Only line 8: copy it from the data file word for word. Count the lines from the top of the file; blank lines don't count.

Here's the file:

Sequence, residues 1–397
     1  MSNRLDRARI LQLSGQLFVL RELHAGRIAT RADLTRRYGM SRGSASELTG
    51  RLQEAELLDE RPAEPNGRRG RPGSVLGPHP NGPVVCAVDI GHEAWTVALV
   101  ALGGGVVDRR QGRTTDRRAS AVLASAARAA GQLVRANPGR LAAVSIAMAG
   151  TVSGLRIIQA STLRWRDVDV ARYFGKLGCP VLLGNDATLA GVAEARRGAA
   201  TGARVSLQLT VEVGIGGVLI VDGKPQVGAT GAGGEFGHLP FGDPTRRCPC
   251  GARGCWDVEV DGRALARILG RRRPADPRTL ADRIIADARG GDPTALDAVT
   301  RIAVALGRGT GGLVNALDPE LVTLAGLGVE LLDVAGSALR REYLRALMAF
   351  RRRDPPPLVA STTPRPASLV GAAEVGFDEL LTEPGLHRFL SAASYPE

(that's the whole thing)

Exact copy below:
   301  RIAVALGRGT GGLVNALDPE LVTLAGLGVE LLDVAGSALR REYLRALMAF